• The UK Quantum Technology Hub for Sensors and Metrology (University of Birmingham)
• QuantIC, the UK Quantum Technology Hub in Quantum Enhanced Imaging (University of Glasgow)
• NQIT, the Networked Quantum Information Technologies Hub (University of Oxford)
• Quantum Communications Hub (University of York)
• National Physical Laboratory
• Centre for Doctoral Training in Quantum Engineering (University of Bristol)
• Centre for Doctoral Training in Controlled Quantum Dynamics (Imperial College London)
• Centre for Doctoral Training in Delivering Quantum Technologies (University College London)
The precision of measuring nanoscopic structures could be substantially improved, thanks to researchers at QuantIC and the University of Warwick. Using pairs of photons, fundamental components of energy that make up light, the researchers have devised a way to measure the thickness of objects that are less than a 100,000th of the width of a human hair. The new technique involves firing two near identical photons onto a component known as a beamsplitter, and monitoring their subsequent behaviour – with some 30,000 photons detected per second, and 500bn in use throughout a full experiment.
Because of the tendency of identical photons to ‘buddy up’ and continue travelling on together — the result of a delicate quantum interference effect – the researchers’ newly developed setup offers the same precision and stability as existing one-photon techniques that, due to the equipment required, are more costly. Offering a range of potential uses, including research to better understand cell membranes and DNA, as well as quality control for nanoscopic 2D materials of a single atom’s thickness, such as graphene, the new research is also a marked improvement on current two-photon techniques with up to 100x better resolution.
To measure the thickness of a transparent object (any object through which a photon is able to pass), each of a pair of identical photons are fired along separate paths:
• Photon A then continues into a beamsplitter, whilst Photon B is slowed down by a transparent object before entering the same beamsplitter.
• The likelihood that the photons exit the beamsplitter together is then recorded allowing researchers to measure the thickness of the transparent object Photon B passed through.
As the thickness of the sample is increased, the photons are more likely to exit the beamsplitter separately.
Dr George Knee of the University of Warwick’s Department of Physics, who developed the theory behind the new method, said,”What’s really exciting about these results is that we can now investigate objects down at the nanoscale with an optical sensor operating on a fundamentally different physical effect.Until now, so-called two-photon interference has not been able to achieve such great resolution, meaning that we are stuck with some of the downsides of the established methods based on single-photon interference – which requires more expensive technology than our new two-photon technique.”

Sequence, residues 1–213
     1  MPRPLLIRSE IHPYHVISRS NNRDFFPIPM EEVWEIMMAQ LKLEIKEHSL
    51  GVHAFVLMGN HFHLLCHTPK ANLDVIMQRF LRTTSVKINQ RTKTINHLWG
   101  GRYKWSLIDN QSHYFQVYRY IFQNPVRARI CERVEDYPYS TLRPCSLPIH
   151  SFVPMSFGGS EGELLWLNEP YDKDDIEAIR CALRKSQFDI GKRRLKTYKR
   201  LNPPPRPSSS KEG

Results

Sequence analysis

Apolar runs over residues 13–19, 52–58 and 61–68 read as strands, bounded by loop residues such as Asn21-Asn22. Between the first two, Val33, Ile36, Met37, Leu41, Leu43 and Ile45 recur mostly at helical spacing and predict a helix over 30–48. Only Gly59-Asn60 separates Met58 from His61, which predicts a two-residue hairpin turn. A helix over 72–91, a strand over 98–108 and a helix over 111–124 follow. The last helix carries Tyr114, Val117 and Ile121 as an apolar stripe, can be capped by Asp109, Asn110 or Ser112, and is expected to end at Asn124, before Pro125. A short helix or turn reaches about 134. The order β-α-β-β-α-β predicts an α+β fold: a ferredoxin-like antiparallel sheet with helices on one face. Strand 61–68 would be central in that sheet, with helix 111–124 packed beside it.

QuantIC co-investigator and lead researcher on the project at the University of Glasgow, Professor Daniele Faccio, whose two photon sensing technology was used to generate the data said, “The results of our collaboration with the University of Warwick offer a range of potential uses in areas such the life sciences, optics and nanofabrication. We are excited to be advancing quantum imaging and helping to maintain the UK’s position in the development of new quantum technologies.”
The research paper, Attosecond-Resolution Hong-Ou-Mandel Interferometry, is published by Science Advances and can be accessed here.
If you’ve ever wished you could escape this world for another Universe, the winner of this year’s Quantum Shorts flash fiction competition offers a cautionary tale. In “Acceptable Loss” by Przemysław Zańko, a failed relationship puts the entire multiverse under threat. The story is one of five to claim prizes in the competition for fiction inspired by quantum physics. Each winner receives a cash award, certificate, and an engraved trophy.